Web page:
Springtime! (and catching up, since we’re blogging slackers)

Howdy!

We’re the worst bloggers ever. You’ve probably noticed, as you haven’t heard from us in months. Sorry ‘bout that.

Anyway, here’s the scoop. I’ll work backwards.

It’s finally getting springy around here. Well, we hope it is. That is we hope that it will stick. Exactly two weeks ago, it was in the 70s here, and I even wore flip-flops that afternoon to feel the lovely breeze on my pale winter-whiney toes. It made them happy. Then that night it got cool and didn’t get genuinely lovely again until today (now yesterday), which was glorious. Today was also the day that my daffodils finally bloomed! Also today, we took Nelson, our ponybeast, who’s gotten to be one seriously shaggy dude, out for his first real ride since the blizzards. Yesterday, he got a pedi. Nelson, that is.

Matt riding nelson between the box truck and the tractor, which has the silage wagon attached.

Matt riding nelson between the box truck and the tractor, which has the silage wagon attached.

Our first major blizzard came and dropped twenty-something inches of DENSE, wet snow! Then we lost power, which was neat. And we’d begun brooding chickens already by then (early this year, since we sold out of our frozen stash faster than we’d anticipated), but thankfully, Matt had, just weeks before converted the brooder heat to propane, instead of electric lamps, so no harm done—no one froze! We did miss the running water, though, both in the house and barns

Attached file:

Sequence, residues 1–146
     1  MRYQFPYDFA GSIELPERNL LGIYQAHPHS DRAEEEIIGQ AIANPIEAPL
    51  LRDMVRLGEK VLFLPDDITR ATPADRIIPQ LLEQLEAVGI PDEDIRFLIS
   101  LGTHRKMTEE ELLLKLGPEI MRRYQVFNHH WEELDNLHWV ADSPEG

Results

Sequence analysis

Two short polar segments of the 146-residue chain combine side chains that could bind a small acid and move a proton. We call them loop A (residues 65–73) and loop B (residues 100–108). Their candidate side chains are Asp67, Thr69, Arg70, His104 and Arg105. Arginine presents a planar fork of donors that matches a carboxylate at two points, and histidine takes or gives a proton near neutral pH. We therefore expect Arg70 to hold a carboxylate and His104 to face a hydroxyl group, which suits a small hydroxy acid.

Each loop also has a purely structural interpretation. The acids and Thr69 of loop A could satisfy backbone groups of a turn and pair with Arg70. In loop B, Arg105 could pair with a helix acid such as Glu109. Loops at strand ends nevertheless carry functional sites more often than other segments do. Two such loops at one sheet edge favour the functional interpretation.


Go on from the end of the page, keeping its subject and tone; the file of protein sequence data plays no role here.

LOTS of snow this winter.

LOTS of snow this winter.

We were lucky, and got electricity back within a day or so, though. Lots of folks in our area were out of power for several days. Which reminds me, that I should impart this clever tip: a neighbor and farmer friend suggested that we fill the bathtub if we’re expecting a big storm or blizzard. Says he does, and though we’d never thought to do it before this storm, we’ve vowed to do it going forward, seeing how out of luck we were without water. Shortly thereafter, as the most recent storm approached, we got to enact our vow, plus we extrapolated and also filled jars and pitchers for drinking water. We never lost power this time, but if we had, we’d have been set!

Did I mention we got a LOT of snow?

Did I mention we got a LOT of snow?

Since we got so much snow, Matt had to get creative to get chores done. The first morning, when we’d gotten over a foot overnight, Matt literally skied down to the silage pile, and he didn’t do it to be goofy—it was out of near necessity. The snow was so deep and heavy, you could barely walk in it, and trying to do chores would’ve been murder, so the skis kept him on top of the snow and made the trek more manageable, and even a little fun. Though, he was pretty bummed when he got down to the pile, finally got the loader started, and it promptly ran out of fuel. He had to ski back up the hill, grab a can of fuel, ski back down, and was finally able to load the wagon.

Chore skiing

Chore skiing